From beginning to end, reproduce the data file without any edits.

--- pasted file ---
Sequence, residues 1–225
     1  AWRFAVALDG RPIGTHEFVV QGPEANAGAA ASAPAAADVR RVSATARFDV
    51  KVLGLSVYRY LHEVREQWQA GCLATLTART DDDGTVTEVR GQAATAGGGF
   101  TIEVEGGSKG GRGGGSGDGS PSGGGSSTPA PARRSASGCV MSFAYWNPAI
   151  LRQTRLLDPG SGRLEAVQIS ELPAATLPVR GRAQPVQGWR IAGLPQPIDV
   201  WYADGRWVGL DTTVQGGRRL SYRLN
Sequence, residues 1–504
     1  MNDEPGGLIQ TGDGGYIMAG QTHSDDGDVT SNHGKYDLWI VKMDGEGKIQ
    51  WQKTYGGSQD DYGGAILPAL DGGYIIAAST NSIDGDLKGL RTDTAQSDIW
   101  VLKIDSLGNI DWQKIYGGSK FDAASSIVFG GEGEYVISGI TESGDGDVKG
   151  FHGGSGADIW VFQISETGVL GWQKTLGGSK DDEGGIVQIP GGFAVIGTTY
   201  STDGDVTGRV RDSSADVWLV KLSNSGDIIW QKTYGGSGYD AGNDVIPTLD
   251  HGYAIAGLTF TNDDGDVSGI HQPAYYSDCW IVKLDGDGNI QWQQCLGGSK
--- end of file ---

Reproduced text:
Sequence, residues 1–225
     1  AWRFAVALDG RPIGTHEFVV QGPEANAGAA ASAPAAADVR RVSATARFDV
    51  KVLGLSVYRY LHEVREQWQA GCLATLTART DDDGTVTEVR GQAATAGGGF
   101  TIEVEGGSKG GRGGGSGDGS PSGGGSSTPA PARRSASGCV MSFAYWNPAI
   151  LRQTRLLDPG SGRLEAVQIS ELPAATLPVR GRAQPVQGWR IAGLPQPIDV
   201  WYADGRWVGL DTTVQGGRRL SYRLN
Sequence, residues 1–504
     1  MNDEPGGLIQ TGDGGYIMAG QTHSDDGDVT SNHGKYDLWI VKMDGEGKIQ
    51  WQKTYGGSQD DYGGAILPAL DGGYIIAAST NSIDGDLKGL RTDTAQSDIW
   101  VLKIDSLGNI DWQKIYGGSK FDAASSIVFG GEGEYVISGI TESGDGDVKG
   151  FHGGSGADIW VFQISETGVL GWQKTLGGSK DDEGGIVQIP GGFAVIGTTY
   201  STDGDVTGRV RDSSADVWLV KLSNSGDIIW QKTYGGSGYD AGNDVIPTLD
   251  HGYAIAGLTF TNDDGDVSGI HQPAYYSDCW IVKLDGDGNI QWQQCLGGSK